Cheese and Sausage of Louisianne

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Louisianne is both famous for her cheeses and her sausages, many reminiscent of their European ancestors, many new creations of their own right.

Cheeses of Louisianne

The Cheeses of Louisianne are just as varied as those of France, with many of common heritage. While Louisianne has many local cheeses, the majority do not enjoy popularity outside of their region. Those that do are well worth noting.

  • Kaskaskian Bleu (Bleu Kaskaskien): Originally made by a businessman only remembered in local lore as Bernard, this cheese, made from goat's milk, is formed with oak rings and left in thick-walled raffineries. These buildings, made from the local rock have walls nearly 3 feet thick and extend 30 feet into the ground, where the cheese is allowed to mature in semi-controlled temperature and humidity. Only cheeses made in the region of Kaskaskia (13 miles down-river from Saint-Louis) and on the Louisiannan side of the Mississippi are allowed to be called Kaskaskian Bleu.
  • Gavaudun: A pungent goat cheese, Gavaudun is one of few brie-styled goat cheeses accepted outside of Louisianne. Using Penicillium candida and Penicillium camemberti or Brevibacterium linens, the cheeses are sold with yellowish-white rinds, roughly 5 inches in diameter and are ripened for 3 weeks before sale.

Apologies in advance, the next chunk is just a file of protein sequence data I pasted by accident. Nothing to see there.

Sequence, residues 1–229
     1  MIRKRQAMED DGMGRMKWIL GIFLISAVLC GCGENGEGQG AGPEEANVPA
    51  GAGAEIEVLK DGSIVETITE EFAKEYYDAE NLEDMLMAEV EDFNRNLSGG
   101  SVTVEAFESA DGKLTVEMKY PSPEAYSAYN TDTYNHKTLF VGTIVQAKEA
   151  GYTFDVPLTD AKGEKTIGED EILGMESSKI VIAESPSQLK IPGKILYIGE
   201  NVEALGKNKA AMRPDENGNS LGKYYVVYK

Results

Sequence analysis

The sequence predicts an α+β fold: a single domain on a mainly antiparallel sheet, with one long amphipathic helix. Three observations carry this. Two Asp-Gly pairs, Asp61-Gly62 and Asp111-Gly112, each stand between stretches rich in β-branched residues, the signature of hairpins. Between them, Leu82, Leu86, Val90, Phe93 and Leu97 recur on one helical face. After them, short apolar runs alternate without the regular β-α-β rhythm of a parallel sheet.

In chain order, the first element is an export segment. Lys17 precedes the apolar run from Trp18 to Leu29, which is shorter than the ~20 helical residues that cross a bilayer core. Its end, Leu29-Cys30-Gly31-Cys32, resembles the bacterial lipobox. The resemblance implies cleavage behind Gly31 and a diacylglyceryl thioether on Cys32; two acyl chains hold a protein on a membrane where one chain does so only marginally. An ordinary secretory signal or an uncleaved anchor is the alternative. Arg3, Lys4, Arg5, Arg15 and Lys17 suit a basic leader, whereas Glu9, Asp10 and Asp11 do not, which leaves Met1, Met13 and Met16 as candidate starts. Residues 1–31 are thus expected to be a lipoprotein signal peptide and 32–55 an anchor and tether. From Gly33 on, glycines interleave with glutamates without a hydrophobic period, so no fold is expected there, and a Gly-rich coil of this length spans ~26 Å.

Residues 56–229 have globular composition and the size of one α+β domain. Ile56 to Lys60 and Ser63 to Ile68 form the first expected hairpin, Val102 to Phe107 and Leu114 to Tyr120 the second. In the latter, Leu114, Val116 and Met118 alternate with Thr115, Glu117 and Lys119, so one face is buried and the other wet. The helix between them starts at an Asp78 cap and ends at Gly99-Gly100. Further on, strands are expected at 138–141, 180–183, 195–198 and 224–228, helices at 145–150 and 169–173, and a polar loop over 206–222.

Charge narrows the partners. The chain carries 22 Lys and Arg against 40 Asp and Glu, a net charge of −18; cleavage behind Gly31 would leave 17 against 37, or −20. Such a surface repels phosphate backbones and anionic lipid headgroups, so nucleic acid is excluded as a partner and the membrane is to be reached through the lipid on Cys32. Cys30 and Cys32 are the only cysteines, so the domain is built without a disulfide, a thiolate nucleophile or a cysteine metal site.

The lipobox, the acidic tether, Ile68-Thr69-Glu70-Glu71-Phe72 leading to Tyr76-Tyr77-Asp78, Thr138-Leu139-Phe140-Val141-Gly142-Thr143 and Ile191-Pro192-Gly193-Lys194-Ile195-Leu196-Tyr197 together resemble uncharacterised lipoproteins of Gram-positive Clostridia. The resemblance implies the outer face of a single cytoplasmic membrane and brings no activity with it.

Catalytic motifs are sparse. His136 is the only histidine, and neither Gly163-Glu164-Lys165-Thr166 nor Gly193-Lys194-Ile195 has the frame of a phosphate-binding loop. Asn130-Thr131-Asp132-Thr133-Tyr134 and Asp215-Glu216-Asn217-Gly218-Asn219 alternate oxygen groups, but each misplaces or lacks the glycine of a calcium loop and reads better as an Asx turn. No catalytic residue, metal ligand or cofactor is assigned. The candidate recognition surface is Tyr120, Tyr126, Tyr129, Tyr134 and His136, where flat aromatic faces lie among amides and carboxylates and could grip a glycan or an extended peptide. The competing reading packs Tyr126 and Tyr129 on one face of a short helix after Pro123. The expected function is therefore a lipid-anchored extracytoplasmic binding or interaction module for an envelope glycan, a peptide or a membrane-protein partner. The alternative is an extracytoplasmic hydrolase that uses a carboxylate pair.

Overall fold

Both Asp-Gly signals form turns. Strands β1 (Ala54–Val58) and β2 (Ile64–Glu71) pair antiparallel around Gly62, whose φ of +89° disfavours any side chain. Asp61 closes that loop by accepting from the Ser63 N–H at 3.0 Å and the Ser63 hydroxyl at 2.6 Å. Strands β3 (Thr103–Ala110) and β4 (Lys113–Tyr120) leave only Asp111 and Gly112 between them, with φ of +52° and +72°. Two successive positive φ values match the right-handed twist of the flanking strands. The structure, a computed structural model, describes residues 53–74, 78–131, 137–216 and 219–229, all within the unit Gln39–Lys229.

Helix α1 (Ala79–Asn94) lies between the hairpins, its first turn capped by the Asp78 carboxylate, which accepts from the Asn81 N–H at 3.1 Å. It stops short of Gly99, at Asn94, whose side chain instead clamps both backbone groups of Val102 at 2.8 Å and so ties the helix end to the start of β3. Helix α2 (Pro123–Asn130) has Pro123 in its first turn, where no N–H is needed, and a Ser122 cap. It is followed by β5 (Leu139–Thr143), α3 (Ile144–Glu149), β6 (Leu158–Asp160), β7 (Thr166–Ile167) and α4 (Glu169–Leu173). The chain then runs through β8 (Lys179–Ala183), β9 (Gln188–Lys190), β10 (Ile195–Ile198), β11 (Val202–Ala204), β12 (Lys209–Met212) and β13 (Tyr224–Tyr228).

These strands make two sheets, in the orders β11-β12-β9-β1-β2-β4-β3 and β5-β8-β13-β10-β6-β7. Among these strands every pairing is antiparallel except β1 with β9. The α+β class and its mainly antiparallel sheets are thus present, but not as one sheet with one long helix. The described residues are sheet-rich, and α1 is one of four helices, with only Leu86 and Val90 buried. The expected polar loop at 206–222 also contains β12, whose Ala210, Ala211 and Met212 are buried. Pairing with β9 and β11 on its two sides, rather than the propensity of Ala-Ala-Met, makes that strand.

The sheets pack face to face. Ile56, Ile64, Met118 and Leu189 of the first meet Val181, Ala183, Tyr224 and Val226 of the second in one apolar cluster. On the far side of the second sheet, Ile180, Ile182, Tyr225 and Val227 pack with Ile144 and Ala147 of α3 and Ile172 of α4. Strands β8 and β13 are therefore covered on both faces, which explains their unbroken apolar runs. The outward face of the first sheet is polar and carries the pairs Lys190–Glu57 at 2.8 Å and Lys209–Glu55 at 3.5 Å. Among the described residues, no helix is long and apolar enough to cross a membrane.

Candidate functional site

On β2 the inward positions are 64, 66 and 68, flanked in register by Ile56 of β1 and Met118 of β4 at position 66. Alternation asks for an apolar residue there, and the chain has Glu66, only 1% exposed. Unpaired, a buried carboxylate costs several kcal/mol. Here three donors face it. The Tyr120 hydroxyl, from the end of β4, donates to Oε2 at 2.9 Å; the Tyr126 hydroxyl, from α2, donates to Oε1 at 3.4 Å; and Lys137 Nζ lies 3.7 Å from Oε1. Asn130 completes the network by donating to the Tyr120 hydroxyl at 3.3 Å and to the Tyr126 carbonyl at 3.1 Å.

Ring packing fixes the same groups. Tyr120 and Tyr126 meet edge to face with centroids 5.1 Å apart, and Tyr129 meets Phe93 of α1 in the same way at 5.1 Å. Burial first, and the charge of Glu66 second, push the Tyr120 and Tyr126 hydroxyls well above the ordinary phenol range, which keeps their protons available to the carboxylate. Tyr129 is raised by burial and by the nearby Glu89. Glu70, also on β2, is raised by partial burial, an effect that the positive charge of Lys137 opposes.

• Châtelguyon (also Gruyère de Châtelguyon) is a Gruyère-styled cheese made from cow's milk. With the emigration of Romand farmers from Helvetia during the end of the 16th and 17th century, gruyère cheese was saved from the culinary calamity of Helvetia. Many Helveto-Romands as they call themselves moved into Franche-Comté and Dijon and established communes, some of which emigrated to Louisianne, bringing their cheese manufacturing styles with them.
  • Nauvoo-la-belle: A cow's milk cheese, much akin to Morbier of France, but instead of a layer of ash, as is done with Morbier, a mixture of ash and flour is layered in the center of the cheese, and is covered with an ashy-rind. It is prized in and around Nouvelle Cournouaille, but has a strong following in Les Plaines.
  • Pamplona: A bison milk cheese made from a semi-domesticated herd near Pamplona, Nouvelle Navarre. Sometimes called the "Mozzarella of the West", Pamplona is a treasured favorite of Louisiannans, eaten with tomatoes and basil and balsamico imported from Modena, Italy.
  • L'Écureuil des Rocheuses: First fabricated in Écureuil, a city to the east of Provost, Nouvelle Cournouaille. It is similar in flavor to the French Vacherin Mont-d'Or, made from lightly pasteurized cow's milk from the Alpes-Rocheuses department. Made year-round, it is surrounded by a band and packaged in a box made from aromatic pines in the Rocheuses.
  • Belle Fourche: a coulommiers-esque cheese made from bison-milk, Belle Fourche has pleasantly wild flavour coupled with the creaminess associated with coulommiers.
  • Tome d'Épices: using the native jalapeños from Tejas, this cow's milk cheese is akin to French Cantal, but with the tejan spiciness.

Sausages of Louisianne

  • Andouille: A spiced, heavily smoked pork sausage. One of the spiciest of all Louisiannan sausage variants, Andouille is made of butt or shank meat and fat, seasoned with salt, cracked black pepper, and garlic, and smoked over pecan wood and sugar cane for up to seven or eight hours at approximately 80°C (175°F). The resulting sausage is used in a wide range of Louisiannan dishes, such as gumbo, jambalaya, red beans and rice, and étouffée.
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